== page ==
The depot can also be seen in the background of this historic post card image of the Public Square, a.k.a. Seventh Street Park.
At the Historic Preservation Commission meeting on Friday morning, Mark Schuman of Mountainview Masonry and Landscape Supply presented the application for a certificate of appropriateness to demolish 708 State Street--the former Hudson Upper Station on the Albany & Boston Railroad. As justification for the demolition, Schuman explained that the owner has had the building for ten years, and it is now in need for a lot of work. The owner, Van Kleeck's Tire, is not interested in maintaining the building and wants to demolish it to get "a little more staging area"--in other words, to park trucks there.
Schuman, whose company demolished the Old Brick Tavern at the intersection of Routes 66 and 9H in 2011 and "disassembled" 900 Columbia Street earlier this year, wants to salvage the materials from the depot and resell them. He told the HPC, perhaps in an effort to make what he does sound like historic preservation, "Buildings we take down let other buildings live on." Indeed, bricks from the Old Brick Tavern found their way into the rebuilt brick veneer front wall of 211 Union Street, General Worth's birthplace.
Obviously thinking that it somehow made a difference, Schuman pointed out that the current owner had purchased the building in 2004, two years before the locally designated historic district that includes the building was established.
HPC chair Rick Rector seemed ready to put the application to a vote, informing Schuman, "If we do vote and deny this, you can appeal to the Common Council." Carl Whitbeck, now counsel to the HPC, cautioned against voting immediately. "You don't have any facts," he told the HPC and advised them to "make appropriate findings on which to base your judgment." Whitbeck described the depot as "a structure that is significant in its own right." He recalled that Smith Tire, the previous owner of the property, had received a grant from the federal government in 1980 to rehab the depot and other nearby buildings for commercial use, among them what remained of the Gifford-Wood Foundry.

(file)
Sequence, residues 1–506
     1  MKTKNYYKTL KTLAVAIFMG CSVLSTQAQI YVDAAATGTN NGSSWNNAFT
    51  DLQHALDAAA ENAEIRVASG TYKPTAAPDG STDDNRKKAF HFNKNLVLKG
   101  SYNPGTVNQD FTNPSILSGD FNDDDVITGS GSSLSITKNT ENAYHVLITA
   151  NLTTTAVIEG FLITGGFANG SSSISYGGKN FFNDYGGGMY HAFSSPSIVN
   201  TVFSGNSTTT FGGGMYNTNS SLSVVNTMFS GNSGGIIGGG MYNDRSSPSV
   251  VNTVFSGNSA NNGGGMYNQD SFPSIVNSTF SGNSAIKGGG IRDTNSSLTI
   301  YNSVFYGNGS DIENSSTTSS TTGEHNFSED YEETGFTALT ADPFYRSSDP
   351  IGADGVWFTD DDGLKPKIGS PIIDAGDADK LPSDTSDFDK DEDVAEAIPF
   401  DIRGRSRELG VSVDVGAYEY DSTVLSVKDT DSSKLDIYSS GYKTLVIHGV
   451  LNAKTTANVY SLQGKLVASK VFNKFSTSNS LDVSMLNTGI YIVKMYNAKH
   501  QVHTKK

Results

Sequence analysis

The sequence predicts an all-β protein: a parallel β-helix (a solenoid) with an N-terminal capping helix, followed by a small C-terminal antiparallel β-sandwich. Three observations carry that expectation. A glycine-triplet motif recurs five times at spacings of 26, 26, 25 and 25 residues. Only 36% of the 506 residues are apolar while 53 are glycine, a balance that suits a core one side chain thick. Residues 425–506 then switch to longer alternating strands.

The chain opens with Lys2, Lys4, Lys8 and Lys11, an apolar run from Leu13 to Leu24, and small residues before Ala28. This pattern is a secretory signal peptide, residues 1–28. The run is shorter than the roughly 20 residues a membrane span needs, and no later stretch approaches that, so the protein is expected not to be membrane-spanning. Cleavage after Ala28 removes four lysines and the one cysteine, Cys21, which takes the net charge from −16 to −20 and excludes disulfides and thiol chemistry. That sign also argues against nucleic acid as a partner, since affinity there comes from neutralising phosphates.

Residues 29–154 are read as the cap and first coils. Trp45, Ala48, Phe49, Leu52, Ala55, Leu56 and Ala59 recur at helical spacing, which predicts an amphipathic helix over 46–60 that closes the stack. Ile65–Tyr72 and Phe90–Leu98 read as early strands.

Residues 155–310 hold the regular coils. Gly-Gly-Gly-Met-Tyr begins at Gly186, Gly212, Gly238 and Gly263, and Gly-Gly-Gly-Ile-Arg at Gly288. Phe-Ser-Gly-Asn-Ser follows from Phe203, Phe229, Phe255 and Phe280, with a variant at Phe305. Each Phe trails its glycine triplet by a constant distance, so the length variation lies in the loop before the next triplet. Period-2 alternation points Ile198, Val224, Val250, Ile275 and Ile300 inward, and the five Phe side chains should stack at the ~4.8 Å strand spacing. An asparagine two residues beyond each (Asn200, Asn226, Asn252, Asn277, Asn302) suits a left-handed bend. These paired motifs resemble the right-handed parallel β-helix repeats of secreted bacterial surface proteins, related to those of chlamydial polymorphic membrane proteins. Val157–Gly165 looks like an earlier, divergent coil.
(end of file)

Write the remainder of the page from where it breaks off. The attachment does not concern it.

In the end, the HPC voted unanimously that the application was incomplete. After this decision was made, Craig Haigh, Hudson's newly appointed code enforcement officer, reported a sentiment he had heard expressed, although it wasn't entirely clear by whom, that the owner could just take down the building and suffer the consequences. He defined the consequences as a $250 fine and 10 days in jail and concluded that "the consequences are not onerous enough."
Whitbeck commented that municipalities had to decide to enforce their statutes and suggested that action might be taken in the New York State Supreme Court to prevent demolition or to require people to put something back if it was destroyed without a certificate of appropriateness, intimating that the $250 fine could apply for every day from the time the demolition began to the time the building was returned to the way it had been.
COPYRIGHT 2013 CAROLE OSTERINK
Post card image courtesy Byrne Fone; photo of Gifford-Wood Foundry from Mirrored Memories, Columbia County Historical Society, 1991.